Tagging External Routes in EIGRP

EIGRP allows you to tag external routes.  That is, any route redistributed into EIGRP can be tagged with a numeric descriptor from 0 to 4294967295.  These tags are carried throughout the EIGRP AS, so, with some planning and documentation, you can look at any route on any router and get an idea of what it's trying to do, where it came from, etc.  Also, tagging routes is a common way to make sure you're not redistributing the same routes over and over if you have multiple mutual redistribution points.

The config is quite easy and involves my favorite config item in all of Ciscodom – route-maps!  You create a route-map that sets the tag value and apply it to the redistribution.  There are a few ways to skin this cat, but I'll use an outbound distribute-list here.  Here's the config save the basics for getting EIGRP going.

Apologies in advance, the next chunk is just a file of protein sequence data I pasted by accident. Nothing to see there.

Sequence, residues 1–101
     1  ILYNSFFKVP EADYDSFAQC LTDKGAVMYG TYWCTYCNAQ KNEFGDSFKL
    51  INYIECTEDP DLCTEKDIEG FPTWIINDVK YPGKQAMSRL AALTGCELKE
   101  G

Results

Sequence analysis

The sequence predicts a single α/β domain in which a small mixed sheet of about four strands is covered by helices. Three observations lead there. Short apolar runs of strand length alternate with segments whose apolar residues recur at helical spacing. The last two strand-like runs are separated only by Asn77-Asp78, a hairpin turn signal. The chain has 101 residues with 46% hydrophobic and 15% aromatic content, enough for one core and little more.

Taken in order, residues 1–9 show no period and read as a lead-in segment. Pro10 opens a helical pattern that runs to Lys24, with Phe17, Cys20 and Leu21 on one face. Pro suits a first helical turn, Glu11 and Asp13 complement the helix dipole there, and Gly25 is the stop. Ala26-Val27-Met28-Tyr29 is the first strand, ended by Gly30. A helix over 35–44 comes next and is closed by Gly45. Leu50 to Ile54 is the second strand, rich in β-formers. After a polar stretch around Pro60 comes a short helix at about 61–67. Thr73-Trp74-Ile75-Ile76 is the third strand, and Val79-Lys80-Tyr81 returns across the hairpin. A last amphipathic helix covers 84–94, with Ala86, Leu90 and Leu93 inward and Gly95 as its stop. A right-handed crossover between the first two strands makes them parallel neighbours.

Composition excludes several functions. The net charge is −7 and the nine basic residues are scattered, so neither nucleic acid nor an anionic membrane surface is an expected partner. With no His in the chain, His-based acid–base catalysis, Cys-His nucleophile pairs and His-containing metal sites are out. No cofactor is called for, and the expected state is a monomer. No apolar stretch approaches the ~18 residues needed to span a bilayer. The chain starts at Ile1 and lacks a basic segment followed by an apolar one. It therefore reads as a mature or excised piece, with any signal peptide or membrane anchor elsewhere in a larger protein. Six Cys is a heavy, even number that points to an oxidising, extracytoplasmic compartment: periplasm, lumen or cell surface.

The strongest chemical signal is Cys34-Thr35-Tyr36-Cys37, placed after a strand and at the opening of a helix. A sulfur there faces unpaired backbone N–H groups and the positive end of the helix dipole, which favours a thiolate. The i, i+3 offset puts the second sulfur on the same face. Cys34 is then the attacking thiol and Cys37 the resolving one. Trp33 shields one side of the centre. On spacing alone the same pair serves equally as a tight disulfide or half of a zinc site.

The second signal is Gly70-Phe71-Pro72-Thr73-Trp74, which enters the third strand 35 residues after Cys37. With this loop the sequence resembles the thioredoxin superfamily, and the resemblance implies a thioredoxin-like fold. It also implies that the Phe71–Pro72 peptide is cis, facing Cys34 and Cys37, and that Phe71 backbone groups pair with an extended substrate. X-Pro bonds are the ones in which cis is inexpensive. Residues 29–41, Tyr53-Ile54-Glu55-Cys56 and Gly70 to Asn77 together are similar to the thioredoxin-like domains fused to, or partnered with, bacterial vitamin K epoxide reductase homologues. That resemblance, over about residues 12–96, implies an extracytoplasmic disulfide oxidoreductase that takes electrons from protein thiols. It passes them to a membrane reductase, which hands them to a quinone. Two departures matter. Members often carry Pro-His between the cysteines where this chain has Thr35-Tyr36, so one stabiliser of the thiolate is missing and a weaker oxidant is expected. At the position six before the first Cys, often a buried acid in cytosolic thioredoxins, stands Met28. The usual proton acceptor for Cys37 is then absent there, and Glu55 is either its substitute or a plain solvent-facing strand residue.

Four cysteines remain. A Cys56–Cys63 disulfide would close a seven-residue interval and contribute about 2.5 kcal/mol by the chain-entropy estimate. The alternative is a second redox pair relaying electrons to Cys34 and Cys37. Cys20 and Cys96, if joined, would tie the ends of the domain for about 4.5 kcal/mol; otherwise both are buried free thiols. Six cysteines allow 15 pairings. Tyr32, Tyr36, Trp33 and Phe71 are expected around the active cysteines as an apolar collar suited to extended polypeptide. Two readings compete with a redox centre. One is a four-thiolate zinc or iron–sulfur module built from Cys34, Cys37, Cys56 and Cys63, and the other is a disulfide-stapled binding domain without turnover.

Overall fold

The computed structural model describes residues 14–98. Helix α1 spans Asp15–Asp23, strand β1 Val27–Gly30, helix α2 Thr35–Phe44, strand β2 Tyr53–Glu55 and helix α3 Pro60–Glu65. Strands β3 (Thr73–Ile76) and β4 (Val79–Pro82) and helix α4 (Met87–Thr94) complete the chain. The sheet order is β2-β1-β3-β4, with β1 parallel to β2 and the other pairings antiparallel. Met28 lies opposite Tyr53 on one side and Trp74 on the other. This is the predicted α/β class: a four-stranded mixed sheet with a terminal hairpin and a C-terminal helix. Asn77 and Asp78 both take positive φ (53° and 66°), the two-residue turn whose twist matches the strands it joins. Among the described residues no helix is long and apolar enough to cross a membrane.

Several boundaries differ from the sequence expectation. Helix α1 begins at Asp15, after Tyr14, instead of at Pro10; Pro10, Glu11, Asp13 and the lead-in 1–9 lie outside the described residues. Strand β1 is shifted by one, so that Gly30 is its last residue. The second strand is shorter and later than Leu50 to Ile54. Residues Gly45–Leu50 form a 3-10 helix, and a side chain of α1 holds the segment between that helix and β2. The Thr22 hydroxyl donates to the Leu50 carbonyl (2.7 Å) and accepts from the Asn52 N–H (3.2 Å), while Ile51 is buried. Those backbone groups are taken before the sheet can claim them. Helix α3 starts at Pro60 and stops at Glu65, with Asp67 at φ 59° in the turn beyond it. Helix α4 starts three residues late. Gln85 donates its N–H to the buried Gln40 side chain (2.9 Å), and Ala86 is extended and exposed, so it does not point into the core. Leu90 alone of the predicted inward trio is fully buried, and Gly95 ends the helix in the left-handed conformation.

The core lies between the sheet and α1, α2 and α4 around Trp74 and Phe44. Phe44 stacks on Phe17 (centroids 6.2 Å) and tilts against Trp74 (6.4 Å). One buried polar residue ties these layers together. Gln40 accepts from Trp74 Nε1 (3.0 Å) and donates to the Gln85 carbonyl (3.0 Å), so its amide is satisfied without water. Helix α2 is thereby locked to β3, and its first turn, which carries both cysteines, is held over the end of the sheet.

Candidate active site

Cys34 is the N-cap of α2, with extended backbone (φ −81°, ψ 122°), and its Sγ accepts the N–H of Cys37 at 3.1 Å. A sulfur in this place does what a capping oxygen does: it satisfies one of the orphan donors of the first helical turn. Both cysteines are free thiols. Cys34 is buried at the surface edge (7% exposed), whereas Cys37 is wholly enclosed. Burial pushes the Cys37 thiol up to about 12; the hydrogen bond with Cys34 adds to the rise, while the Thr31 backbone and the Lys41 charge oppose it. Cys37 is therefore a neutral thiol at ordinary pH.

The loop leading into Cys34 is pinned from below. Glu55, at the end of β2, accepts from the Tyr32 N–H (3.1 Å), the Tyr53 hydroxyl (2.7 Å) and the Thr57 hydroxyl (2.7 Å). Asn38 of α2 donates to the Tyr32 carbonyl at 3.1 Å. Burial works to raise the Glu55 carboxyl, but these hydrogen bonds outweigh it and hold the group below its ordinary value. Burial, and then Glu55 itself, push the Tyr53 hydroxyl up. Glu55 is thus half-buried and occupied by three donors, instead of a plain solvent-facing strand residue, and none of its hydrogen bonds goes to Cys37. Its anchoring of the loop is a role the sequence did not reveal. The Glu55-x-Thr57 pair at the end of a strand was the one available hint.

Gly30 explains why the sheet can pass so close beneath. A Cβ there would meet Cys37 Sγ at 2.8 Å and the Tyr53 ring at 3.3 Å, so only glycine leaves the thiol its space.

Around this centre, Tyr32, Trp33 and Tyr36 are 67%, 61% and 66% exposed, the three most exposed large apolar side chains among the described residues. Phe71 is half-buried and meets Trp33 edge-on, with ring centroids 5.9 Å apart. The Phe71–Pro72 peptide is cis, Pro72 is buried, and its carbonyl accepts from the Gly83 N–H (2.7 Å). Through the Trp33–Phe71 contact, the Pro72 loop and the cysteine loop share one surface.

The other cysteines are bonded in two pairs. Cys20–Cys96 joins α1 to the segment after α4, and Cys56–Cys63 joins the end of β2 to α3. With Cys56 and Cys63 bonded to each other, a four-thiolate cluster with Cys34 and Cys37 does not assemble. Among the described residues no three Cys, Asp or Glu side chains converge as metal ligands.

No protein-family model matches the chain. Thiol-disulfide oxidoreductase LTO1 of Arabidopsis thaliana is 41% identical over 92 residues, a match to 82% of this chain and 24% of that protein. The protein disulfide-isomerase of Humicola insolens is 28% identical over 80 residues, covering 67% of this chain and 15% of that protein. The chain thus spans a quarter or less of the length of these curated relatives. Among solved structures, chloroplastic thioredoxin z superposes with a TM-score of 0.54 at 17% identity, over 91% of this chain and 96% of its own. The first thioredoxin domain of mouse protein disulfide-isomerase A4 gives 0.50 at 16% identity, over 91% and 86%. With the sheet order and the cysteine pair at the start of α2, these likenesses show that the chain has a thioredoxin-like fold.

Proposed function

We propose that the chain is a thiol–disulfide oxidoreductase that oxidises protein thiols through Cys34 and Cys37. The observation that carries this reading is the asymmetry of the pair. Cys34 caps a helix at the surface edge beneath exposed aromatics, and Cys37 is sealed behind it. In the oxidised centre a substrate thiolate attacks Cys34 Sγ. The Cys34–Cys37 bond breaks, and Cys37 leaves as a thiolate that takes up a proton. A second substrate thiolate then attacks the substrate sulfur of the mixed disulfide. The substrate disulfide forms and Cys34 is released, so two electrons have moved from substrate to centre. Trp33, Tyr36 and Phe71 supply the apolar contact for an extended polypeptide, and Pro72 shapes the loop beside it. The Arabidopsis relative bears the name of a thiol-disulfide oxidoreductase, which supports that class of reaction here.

route-map TAGIT permit 100
 set tag 2000
router eigrp 1
 redistribute static
 distribute-list route-map TAGIT out
ip route Null0

If you do a show ip route on one of the other routers pokie machine games online, you can see the tag that has been applied.  Check out the last line of the output.

R1#sh ip route
Routing entry for
  Known via "eigrp 1", distance 170, metric 28160
  Tag 2000, type external
  Redistributing via eigrp 1
  Last update from on FastEthernet0/0, 00:00:09 ago
  Routing Descriptor Blocks:
  *, from, 00:00:09 ago, via FastEthernet0/0
      Route metric is 28160, traffic share count is 1
      Total delay is 100 microseconds, minimum bandwidth is 100000 Kbit
      Reliability 255/255, minimum MTU 1500 bytes
      Loading 1/255, Hops 1
      Route tag 2000

Remember that you can only tag routes external to the AS.  That means you can't have a router tag all the internal routes (which may be a cool thing to be able to do).  You can, however, tag any route that is redistributed – including another EIGRP AS. 

Tags are also used in OSPF and BGP.  Our MPLS provider actually tags the routes they distribute to us with their BGP AS number.

Send any infinite-hop routes questions my way.